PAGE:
Fla. high school sports board under fire
The Florida High School Athletic Association would lose much of its power to govern the regulation and movement of high school athletes in Florida under legislation that has yet to get a negative vote.
The changes are coming after several high-profile rulings against student-athletes.
Under pending legislation, students could play where they want and when they want if they can make the team. State Sen. Kelly Stargel, R-Lakeland, says her bill eliminates what has been called the "follow the coach" rule.
"The FHSAA has continued to buck against what we're saying in the world of Legislature," Stargel said. "We don't want you to look at the movement of kids as bona fide evidence of recruiting."
One highly publicized case found that parents of three athletes in Stargel's hometown falsified records so their kids could play at another school.
Before becoming a principle at one Tallahassee high school, Billy Epting coached basketball for six years. He wants kids who move legitimately to be able to play, but he says the legislation could create problems.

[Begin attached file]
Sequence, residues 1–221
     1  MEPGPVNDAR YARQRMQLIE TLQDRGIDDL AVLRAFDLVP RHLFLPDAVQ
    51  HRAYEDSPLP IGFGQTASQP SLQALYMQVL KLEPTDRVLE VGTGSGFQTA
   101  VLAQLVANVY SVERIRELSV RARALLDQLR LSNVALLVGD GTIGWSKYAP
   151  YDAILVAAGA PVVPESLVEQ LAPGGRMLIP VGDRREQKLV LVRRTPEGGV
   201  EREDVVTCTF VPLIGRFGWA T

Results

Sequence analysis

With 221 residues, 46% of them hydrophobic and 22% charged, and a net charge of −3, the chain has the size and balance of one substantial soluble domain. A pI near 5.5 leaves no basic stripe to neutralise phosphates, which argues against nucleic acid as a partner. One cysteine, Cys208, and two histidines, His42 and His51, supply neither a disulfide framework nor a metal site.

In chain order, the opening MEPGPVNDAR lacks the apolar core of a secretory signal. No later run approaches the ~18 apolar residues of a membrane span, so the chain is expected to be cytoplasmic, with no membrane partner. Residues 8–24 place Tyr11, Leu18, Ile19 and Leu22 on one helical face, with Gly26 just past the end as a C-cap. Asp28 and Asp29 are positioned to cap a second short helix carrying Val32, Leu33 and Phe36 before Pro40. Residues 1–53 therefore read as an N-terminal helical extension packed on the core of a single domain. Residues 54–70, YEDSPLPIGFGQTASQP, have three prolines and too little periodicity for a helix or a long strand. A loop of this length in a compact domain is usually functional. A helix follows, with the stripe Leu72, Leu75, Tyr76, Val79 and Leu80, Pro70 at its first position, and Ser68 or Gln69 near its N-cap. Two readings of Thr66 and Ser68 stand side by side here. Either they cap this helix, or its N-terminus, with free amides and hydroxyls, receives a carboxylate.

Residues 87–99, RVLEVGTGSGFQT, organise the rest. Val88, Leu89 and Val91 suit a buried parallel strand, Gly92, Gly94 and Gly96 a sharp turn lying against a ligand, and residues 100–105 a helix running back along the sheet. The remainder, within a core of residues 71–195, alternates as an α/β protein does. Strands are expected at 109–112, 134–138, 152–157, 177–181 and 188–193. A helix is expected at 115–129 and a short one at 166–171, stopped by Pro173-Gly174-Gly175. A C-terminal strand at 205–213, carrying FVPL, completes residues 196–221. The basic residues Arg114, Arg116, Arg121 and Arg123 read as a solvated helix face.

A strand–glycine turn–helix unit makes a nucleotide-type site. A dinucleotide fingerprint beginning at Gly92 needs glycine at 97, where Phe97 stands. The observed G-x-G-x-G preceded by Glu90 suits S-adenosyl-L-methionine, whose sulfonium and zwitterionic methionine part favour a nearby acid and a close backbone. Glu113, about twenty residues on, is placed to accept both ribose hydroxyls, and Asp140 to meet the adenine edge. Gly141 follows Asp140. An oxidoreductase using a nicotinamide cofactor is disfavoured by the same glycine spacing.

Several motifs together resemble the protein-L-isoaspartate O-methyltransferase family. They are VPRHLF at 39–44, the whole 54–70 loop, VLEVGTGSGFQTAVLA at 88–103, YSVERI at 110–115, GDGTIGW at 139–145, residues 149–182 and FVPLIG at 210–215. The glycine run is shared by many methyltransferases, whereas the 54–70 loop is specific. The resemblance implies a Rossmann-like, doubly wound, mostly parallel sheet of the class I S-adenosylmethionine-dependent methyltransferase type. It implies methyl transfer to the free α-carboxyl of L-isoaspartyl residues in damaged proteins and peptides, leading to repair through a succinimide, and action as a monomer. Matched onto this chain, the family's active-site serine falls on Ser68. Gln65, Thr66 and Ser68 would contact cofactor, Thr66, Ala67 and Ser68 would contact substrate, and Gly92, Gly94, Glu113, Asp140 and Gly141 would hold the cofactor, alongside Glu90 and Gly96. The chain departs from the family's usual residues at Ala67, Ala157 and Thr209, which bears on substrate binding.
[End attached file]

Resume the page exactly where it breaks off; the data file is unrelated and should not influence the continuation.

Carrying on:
"I think it has a potential to open up opportunity for increased recruiting of athletes by coaches, but also the opportunity for parents and athletes to begin coach shopping themselves," Epting said.
Right now parents and students who don't like the ruling from FHSAA can appeal, but it's to a committee within the association. This legislation would change that.
Attorney John Moyle is pushing the change. He wants administrative law judges to make the final decisions.
"They act as the judge and a jury, the investigator. They got everything in house," Moyle said.
Lawmakers would also force FHSAA to create more scholarships, limit when it can investigate, and add more governmental appointees to the board.
Lobbyists said the changes amount to "death by a thousand paper cuts for the association."
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